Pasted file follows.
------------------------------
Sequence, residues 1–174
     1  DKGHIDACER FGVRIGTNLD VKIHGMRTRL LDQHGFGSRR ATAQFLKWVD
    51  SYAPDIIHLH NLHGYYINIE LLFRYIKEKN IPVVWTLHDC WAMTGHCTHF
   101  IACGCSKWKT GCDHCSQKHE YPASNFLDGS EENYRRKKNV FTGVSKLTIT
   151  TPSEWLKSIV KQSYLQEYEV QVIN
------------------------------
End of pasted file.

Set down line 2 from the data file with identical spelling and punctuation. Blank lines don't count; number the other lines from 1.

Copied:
     1  DKGHIDACER FGVRIGTNLD VKIHGMRTRL LDQHGFGSRR ATAQFLKWVD